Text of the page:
Now that we’re firmly held in winter’s icy grip, many people will feel the urge to put their bikes in storage for a few weeks. Resist this urge! Winter riding can be invigorating fun, and on top of that, it will help you to better appreciate the nice riding weather we have for most of the year. I know it’s tough to get on a bike when the temperature is in the mid-20’s, so here are some tips for keeping warm that may help get you on the road:
- Layer Up – Don’t wear a parka and ski pants. Wear multiple, lightweight layers. Start with a base layer of thermal undies and work your way up to a jacket. You’ll be warmer and more comfortable on your bike.
- Wick Away – Wear fabrics that hold in your body’s heat, while allowing your sweat to escape. If you’re not a fan of synthetics, tight knit wool works great. Avoid fabrics that hold water, such as cotton.
- Resist the Wind – A windproof shell will keep icy winds from wearing you down.
- Mind Your Dangly Parts – Extremities are the first casualties in the battle to stay warm. Warm gloves and socks are a must, and on really cold days can be layered. Mittens are the warmest option, but may hinder dexterity. Lobster mittens provide the best of both worlds. Headbands and helmet flaps are great for your ears, and both easily fit under your helmet, unlike a hat. Your nose is tougher to keep warm, but on the really cold days, a full facemask is the way to go.
- Stay Hydrated – A properly hydrated circulatory system is far more capable of maintaining core and extremity temperature than a dehydrated one. As a doctor friend of mine put it, “[Proper hydration] increases blood volume, and helps the circulation in your dangly parts!”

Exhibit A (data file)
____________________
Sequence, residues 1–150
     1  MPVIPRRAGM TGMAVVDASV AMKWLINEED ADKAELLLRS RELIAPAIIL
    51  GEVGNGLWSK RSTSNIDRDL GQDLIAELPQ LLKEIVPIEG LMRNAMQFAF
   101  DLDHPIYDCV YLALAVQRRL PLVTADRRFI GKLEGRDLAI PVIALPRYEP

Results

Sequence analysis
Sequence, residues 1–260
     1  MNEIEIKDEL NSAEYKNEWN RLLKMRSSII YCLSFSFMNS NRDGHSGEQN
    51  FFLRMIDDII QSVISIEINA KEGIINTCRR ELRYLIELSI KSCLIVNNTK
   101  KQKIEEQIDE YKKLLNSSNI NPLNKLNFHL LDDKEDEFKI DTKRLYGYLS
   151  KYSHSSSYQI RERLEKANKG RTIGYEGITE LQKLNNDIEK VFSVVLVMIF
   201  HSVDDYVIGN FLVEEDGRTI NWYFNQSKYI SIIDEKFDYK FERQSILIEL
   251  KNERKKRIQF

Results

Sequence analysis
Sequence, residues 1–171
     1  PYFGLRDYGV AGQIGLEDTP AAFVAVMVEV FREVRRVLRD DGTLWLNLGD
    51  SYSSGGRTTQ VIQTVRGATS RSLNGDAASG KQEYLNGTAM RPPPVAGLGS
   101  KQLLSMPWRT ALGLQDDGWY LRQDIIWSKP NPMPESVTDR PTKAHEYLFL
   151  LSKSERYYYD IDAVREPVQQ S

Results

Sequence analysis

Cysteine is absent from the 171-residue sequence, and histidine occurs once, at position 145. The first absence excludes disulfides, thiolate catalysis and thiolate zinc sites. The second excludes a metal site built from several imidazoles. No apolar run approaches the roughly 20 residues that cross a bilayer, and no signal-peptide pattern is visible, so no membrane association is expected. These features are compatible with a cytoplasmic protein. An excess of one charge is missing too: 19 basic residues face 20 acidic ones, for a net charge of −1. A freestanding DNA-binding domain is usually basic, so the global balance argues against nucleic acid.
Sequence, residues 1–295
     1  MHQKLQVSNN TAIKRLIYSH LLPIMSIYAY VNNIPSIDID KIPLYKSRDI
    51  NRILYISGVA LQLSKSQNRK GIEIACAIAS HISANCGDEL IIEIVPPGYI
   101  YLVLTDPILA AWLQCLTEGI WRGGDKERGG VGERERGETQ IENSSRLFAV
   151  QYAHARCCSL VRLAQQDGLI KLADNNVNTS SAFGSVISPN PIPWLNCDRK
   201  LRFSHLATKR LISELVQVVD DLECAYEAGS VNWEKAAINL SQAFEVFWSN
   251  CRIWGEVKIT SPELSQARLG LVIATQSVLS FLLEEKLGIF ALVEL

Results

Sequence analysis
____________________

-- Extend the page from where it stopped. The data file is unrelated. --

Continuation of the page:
- Keep Moving, but Don’t Overexert – Moving your body will burn calories, releasing energy, and creating heat. Yay, heat! Overexerting your body will create a whole lot of sweat, which will then be cooled by the cold temperature around you, making you colder faster. Boo, cold! If overexertion is inevitable, make sure to only wear clothes that wick away moisture so you don’t freeze yourself in your own sweat.
- Avoid Prolonged Exposure/Take a Break – If your feet are numb and your nose is turning a dull shade of gray, get inside for a little while and warm up. You are only human; a fragile human that will only be allowed small victories while never truly conquering nature.
- Protect Your Skin – Moisturize and protect (SPF) your exposed skin. A wind burned face, cracked hands, and chapped lips are a real turn-off. Also, they’re irritatingly painful.
- Avoid Alcohol before Riding – Alcohol is a vasodilator. As blood vessels expand, they lose heat more quickly. Booze doesn’t keep you warm, it just tricks you into thinking that you’re warm. Also, booze dehydrates you (see #5).
- Learn the Wim Hof Method – He climbed Mt. Everest in running shorts. If you can learn how to do that, ignore 1-9.
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